- origin: terminal branch of the brachial artery
- location: inferior aspect of the cubital fossa
- supply: elbow joint, medial and central forearm muscles, median and ulnar nerves, and common flexor sheath
- main branches: anterior and posterior ulnar recurrent arteries, common interosseous artery, palmar carpal arch, superficial palmar arch, and dorsal carpal branch
The ulnar artery courses along the ulnar aspect of the forearm deep to the flexor muscles. It then enters the hand after passing through the Guyon canal (ulnar canal) located between the pisiform and the hook of hamate. It then divides into its terminal branches at the carpal region of the hand .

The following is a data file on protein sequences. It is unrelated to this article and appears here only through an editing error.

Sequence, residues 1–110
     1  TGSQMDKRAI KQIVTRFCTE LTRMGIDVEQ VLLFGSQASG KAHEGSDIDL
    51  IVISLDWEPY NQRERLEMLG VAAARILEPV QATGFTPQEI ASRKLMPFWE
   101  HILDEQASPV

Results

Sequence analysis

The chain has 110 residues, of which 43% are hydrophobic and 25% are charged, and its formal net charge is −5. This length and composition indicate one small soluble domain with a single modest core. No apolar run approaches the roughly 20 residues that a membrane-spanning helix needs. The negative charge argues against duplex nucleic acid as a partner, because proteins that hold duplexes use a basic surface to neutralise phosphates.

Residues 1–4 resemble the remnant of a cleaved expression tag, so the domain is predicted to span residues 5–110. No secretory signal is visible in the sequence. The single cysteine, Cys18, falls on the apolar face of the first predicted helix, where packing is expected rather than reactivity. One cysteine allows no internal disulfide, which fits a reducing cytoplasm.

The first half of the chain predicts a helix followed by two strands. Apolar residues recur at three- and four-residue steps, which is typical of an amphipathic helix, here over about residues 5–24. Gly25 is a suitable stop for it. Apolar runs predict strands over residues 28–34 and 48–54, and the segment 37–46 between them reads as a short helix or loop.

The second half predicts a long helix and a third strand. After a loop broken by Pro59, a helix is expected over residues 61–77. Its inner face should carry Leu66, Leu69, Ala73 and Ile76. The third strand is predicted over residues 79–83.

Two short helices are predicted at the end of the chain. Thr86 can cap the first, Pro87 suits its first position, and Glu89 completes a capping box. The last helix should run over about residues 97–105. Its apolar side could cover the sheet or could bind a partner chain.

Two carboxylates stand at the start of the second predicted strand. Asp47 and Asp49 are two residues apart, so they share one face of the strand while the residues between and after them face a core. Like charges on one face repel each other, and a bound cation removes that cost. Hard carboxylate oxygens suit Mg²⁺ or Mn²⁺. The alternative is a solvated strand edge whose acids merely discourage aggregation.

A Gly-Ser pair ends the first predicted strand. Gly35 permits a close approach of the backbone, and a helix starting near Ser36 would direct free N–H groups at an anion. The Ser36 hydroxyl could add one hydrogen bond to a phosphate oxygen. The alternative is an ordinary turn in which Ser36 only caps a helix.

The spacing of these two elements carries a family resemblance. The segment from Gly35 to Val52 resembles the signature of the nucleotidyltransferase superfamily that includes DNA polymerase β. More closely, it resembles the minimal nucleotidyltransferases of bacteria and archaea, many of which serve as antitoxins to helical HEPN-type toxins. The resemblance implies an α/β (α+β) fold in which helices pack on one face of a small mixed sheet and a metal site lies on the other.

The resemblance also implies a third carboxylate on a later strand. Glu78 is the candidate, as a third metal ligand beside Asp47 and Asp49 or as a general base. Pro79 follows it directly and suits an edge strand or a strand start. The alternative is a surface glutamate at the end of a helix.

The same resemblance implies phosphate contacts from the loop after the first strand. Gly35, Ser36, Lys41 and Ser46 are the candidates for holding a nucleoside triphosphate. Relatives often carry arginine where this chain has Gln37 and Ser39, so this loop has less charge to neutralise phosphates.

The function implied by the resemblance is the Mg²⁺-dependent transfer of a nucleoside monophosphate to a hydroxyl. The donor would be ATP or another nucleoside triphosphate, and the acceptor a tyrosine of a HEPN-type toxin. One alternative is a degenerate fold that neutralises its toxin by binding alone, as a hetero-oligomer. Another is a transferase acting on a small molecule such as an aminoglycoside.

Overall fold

The main branches of the ulnar artery include the anterior and posterior ulnar recurrent arteries, the common interosseous, the palmar carpal arch, the superficial palmar arch, and the dorsal carpal branch .
The ulnar artery terminates at the hand via its branches; the palmar carpal arch, the superficial palmar arch, and the dorsal carpal branch .
The ulnar artery supplies the periarticular anastomoses of the elbow via the anterior and posterior ulnar recurrent arteries. It also supplies the medial and central forearm muscles, the median and ulnar nerves, and the common flexor sheath .
There may be a persistent median artery from the common or anterior interosseous arteries which accompanies the median nerve through the carpal tunnel.